Eyewitness report revealed today that a group of visiting Kurdish-descent American citizens/ residents from a neighboring state came for voting purposes, and were asked by the Security Officer on duty at the polling place, in Skokie, Illinois, to remove their Kurdistan Flag which one of the members was carrying on his shoulders, before entering the premises where voting were held. After some short discussion at the Election Commission's office, the exhibiting American and Iraqi Flags inside the building were removed by the security officer as a gesture, may be, as assumed by many onlookers, to please the incoming Kurdish voters, who perhaps, requested the right to equal freedom of expression. i.e: if we are not allowed to carry our Kurdish Flag, then no other flags should be displayed inside the building.

I was amazed that this was happening in this country where I am a proud citizen. This kind of situation indicates how democracy works in America. The country's Red,Blue and White, Flag that was proudly displayed by the hosting establishment, The Assyrian National Council Of Illinois, in respect of their proud loyalty to this country, was removed before the Kurdish group cast their vote.

As a concerned Assyrian, I feel deeply sorry for our people in Iraq. For they are in constant contact with unkind attitudes and tribal conflicts. I am a firm believer in the proverb that says "Quote- How can you bite a hand that feeds you Unquote.

What About Mar Aprem Mooken?

Joseph Haweil

After reading your article "500 Members of Australian Diocese Send Open Letter to Patriarch" in the last issue, I was surprised to read in the 'Open Letter' a paragraph stating that Mar Bawai Soro is "the only recipient of PhD in theology among our clergy". This statement is incorrect and biased in its aim to paint the clergy in a negative light. I would have thought that the members of the "Committee in Solidarity with His Grace Mar Bawai Soro" would have done their research properly before making statements which are blatant lies!

Mar Bawai Soro is not the only recipient of PhD among our clergy. Mar Aprem Mooken, the Metropolitan of India has the following qualifications: B.D., M.Th., S.T.M., D.Th., Ph.D. Dr. Mar Aprem Mooken is one of the most learned bishops in our church and in other world churches. He regularly speaks at conferences on theology and Church history around the world and is a distinguished scholar. Mar Aprem is the author of over 65 books ranging from biographies, church history, travelogues, books in the Malayalam language and even 6 HUMOUR books! His biography even appeared in the International Who's Who of Intellectuals.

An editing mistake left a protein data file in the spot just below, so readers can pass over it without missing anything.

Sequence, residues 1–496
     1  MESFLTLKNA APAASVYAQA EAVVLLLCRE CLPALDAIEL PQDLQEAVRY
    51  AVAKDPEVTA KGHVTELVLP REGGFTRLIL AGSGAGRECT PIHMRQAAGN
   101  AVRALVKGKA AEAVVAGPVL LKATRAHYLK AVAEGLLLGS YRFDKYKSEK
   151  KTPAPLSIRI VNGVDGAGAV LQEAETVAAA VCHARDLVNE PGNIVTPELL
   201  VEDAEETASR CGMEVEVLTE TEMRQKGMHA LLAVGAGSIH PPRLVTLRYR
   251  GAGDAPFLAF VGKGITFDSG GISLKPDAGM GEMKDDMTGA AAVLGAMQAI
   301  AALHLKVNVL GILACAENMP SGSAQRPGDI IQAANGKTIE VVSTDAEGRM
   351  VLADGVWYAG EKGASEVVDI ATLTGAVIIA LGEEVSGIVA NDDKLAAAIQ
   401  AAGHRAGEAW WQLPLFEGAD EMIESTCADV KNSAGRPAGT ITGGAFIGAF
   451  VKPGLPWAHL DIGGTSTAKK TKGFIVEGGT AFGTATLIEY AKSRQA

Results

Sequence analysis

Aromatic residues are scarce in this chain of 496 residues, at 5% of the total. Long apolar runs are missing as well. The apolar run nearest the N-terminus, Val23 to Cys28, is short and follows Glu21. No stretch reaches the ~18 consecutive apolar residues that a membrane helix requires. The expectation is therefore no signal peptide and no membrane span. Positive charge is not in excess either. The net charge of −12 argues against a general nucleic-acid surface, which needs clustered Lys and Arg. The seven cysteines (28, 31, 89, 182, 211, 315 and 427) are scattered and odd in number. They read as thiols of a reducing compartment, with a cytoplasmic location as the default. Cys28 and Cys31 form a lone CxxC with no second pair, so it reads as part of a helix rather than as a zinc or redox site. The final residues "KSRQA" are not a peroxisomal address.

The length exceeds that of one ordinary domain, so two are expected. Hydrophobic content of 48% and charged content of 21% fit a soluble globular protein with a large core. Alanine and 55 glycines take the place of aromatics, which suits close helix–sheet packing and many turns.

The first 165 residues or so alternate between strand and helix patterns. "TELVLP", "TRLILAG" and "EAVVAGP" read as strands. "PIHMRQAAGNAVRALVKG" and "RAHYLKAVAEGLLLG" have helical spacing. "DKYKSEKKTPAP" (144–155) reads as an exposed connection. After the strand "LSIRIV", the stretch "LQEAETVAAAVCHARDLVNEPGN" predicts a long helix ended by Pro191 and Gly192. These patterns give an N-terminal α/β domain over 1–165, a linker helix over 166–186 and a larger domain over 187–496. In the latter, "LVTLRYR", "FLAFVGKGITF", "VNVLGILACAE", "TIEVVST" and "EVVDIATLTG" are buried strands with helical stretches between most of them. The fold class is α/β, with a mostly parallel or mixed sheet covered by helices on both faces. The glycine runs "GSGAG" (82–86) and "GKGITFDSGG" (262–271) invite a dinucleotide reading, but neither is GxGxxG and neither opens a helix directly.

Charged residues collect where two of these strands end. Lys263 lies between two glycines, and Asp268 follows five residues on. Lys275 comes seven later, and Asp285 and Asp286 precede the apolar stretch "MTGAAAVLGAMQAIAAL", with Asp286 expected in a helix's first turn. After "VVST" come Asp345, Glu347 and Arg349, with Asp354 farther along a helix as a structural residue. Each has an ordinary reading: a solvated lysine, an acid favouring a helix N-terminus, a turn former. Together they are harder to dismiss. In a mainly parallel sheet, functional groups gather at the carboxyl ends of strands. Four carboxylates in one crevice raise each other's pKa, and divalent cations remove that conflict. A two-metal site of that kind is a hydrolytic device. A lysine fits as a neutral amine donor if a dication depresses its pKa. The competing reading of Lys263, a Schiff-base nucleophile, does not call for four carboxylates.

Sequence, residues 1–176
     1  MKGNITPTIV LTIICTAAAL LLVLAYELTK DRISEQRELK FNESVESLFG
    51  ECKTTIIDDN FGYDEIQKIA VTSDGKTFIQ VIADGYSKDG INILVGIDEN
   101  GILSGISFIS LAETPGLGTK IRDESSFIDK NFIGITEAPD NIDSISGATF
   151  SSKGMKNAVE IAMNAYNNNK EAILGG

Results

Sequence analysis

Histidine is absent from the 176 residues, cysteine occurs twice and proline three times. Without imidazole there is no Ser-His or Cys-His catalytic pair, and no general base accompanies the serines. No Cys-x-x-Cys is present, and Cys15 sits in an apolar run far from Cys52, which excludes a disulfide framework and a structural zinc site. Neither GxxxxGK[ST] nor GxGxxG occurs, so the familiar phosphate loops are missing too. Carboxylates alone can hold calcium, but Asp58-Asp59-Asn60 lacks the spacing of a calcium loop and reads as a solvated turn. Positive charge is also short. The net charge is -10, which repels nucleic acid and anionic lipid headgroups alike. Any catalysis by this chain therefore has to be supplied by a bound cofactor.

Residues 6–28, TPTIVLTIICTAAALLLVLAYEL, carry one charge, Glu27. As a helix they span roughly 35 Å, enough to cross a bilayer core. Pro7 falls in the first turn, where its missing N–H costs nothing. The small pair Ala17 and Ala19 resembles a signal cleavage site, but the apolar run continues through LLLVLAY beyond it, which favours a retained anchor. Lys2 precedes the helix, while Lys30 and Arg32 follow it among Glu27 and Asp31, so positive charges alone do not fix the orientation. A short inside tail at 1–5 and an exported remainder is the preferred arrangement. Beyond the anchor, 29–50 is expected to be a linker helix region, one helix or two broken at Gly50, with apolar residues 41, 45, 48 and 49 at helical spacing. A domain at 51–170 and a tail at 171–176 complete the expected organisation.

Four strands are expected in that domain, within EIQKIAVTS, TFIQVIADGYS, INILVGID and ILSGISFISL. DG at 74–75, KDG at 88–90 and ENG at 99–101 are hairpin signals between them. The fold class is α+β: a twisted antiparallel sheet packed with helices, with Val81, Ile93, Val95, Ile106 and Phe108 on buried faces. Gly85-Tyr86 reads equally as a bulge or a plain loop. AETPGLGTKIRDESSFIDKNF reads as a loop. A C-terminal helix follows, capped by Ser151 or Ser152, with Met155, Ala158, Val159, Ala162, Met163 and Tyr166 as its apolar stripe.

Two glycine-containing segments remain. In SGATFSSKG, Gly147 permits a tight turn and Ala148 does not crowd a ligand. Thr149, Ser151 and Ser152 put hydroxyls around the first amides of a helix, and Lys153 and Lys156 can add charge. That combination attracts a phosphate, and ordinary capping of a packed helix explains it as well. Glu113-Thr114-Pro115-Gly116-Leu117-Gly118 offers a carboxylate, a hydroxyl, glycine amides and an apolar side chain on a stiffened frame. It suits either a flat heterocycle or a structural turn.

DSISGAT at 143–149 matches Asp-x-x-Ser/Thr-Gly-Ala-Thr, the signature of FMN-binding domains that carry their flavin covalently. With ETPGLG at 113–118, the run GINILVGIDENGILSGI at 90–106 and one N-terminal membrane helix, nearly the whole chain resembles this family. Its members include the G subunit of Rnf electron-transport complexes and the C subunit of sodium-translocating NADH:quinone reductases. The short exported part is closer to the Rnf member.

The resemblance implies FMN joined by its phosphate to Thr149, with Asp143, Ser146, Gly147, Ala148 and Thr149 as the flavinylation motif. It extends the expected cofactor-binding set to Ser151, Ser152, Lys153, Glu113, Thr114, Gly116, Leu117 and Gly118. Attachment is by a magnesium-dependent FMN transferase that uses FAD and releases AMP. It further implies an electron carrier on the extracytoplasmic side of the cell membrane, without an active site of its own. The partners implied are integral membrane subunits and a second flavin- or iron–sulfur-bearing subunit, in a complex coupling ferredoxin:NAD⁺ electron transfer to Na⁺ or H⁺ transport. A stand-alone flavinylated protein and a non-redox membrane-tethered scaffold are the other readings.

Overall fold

The below is "About The Authour" (page 296, "Patriarch Mar Dinkha IV, The Man And His Message, Trichur, India 2004, Mar Narsai Press by the Most Rev. Dr. Mar Aprem B.D., M.Th., S.T.M., D.Th., Ph.D.):

"The Most Rev. Dr. Mar Aprem (formerly George Mooken) was born in Trichur, Kerala, India, in June 1940. Educated in India, England and America, he specialised in Church History. He was the President of the Church History Association of India in 1976-1982.

He holds two master's degrees in Church History, one from the United Theological College, Bangalore (M. Th, of Serampore, 1966) and the other from the Union Theological Seminary, New York (S.T.M. degree, 1967). He was a candidate for Doctor of Theology (Th.D) degree at Princeton Theological Seminary, U.S.A., when he was consecrated Bishop in Baghdad, Iraq in 1968. Later he earned his D.Th. degree from Serampore University, near Calcutta. Mahatma Gandhi University in Kottayam granted a Ph.D degree in Syriac Studies to him in 2002.

Ordained a deacon on June 25, 1961, he became a priest on the day he completed twenty five years of age on 13 June, 1965. He was consecrated Bishop on 21st September, 1968 and promoted as a Metropolitan eight days later in Baghdad.

His biography appears in the International Who's Who of Intellectuals, Vol.6, Cambridge, the International directory of Distinguished Leadership, first Edition, U.S.A and others.